LFS co-founder Michael Grossberg presented the special lifetime award to Smith in Denver as an honored part of the main program at MileHiCon, Colorado’s largest annual sf/fantasy convention.
By then, Smith was in a wheelchair, largely from a series of strokes, but his mind was still active and his zestful spirit and sense of humor was still manifest, Grossberg recalled.
With Smith’s death, LFS President William H. Stoddard notes sadly that most in the generation of explicitly libertarian sf writers who emerged in the 1970s have now passed – including James Hogan, Brad Linaweaver, Victor Milan and J. Neil Schulman. (Meanwhile, Vernor Vinge and Victor Koman, each multiple Prometheus winners, are no long writing, although a younger generation of libertarian sf authors has emerged, including Travis Corcoran, Sarah Hoyt and Dani and Eytan Kollin.)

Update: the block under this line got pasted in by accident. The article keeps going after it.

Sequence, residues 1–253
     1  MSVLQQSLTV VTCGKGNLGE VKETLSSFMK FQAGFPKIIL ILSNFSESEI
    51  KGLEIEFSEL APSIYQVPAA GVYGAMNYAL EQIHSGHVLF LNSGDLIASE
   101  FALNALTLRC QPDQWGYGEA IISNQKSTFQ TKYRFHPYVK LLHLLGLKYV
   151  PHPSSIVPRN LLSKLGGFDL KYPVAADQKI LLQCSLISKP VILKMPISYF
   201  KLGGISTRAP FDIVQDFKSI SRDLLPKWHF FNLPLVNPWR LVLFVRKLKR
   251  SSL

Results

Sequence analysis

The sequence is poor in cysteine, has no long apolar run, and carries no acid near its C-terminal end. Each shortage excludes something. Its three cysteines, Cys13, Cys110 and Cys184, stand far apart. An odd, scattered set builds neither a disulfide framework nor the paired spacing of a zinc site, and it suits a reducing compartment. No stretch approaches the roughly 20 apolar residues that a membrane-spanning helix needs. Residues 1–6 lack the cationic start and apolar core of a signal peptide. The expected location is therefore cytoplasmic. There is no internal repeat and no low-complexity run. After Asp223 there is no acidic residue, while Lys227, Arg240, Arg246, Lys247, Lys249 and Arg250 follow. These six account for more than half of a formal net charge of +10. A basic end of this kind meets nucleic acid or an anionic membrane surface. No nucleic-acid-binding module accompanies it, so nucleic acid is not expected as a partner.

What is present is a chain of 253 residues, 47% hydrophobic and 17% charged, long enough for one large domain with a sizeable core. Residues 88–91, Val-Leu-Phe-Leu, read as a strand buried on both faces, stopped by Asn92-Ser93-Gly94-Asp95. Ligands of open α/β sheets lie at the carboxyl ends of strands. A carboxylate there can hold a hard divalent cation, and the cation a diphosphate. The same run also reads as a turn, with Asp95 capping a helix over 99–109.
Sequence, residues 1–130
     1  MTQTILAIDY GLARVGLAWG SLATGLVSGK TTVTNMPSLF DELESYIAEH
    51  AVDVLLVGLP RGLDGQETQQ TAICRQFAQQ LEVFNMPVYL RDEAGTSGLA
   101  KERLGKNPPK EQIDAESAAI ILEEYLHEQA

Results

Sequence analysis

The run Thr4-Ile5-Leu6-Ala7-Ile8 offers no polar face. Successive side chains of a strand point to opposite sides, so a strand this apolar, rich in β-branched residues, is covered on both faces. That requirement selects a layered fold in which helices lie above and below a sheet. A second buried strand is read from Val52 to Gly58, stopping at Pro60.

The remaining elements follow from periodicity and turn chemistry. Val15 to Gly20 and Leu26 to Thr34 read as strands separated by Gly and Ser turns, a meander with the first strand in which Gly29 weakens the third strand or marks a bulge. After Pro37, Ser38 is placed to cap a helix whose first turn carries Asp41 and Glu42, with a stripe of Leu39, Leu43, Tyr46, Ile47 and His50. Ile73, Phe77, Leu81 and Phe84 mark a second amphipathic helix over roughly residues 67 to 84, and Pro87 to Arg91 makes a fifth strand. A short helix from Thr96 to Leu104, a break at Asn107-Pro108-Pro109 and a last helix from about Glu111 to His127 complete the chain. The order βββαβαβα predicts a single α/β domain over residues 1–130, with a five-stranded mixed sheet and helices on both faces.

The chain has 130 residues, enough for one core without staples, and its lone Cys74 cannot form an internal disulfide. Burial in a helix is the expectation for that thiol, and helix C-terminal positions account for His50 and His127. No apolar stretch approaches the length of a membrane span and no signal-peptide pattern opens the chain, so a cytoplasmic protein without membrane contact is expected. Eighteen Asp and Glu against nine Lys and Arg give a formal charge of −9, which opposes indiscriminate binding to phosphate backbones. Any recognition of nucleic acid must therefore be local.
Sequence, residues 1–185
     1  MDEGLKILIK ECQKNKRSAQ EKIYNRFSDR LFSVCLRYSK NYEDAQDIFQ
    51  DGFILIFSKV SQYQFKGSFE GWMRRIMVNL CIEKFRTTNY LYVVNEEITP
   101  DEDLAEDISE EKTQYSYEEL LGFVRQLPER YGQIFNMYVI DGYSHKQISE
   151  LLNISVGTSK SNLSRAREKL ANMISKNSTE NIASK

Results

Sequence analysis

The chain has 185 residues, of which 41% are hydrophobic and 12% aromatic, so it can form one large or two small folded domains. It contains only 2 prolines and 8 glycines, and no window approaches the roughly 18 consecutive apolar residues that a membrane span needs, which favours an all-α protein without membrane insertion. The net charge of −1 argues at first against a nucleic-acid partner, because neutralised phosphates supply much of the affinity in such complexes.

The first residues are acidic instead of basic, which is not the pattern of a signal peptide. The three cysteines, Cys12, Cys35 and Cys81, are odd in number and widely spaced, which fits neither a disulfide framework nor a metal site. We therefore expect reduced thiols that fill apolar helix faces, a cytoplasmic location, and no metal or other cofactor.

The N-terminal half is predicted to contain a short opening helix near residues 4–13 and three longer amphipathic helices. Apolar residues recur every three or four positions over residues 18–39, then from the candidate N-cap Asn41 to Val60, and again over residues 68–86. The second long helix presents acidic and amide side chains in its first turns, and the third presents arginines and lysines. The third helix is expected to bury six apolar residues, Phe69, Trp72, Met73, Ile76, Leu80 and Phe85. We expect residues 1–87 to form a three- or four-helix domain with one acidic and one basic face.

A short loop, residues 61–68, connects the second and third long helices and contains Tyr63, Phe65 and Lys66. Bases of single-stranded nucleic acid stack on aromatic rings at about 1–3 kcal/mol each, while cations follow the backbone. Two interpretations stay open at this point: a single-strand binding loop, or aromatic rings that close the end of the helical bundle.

A panel selected F. Paul Wilson’s Wheels within Wheels as the best novel, and a gold coin then worth $2,500 was presented to Wilson. Due to the cost and the lack of a formal organization, the Prometheus Awards fell into limbo.
In December 1981, after two years with the award in hiatus, Smith contacted Grossberg, a journalist and arts critic, and asked him to find a way to resuscitate the Prometheus Awards as a regular annual award with a sustainable gold prize
Grossberg, a veteran sf fan who appreciated the potential of awards to raise the visibility of authors and art, agreed to take on the project.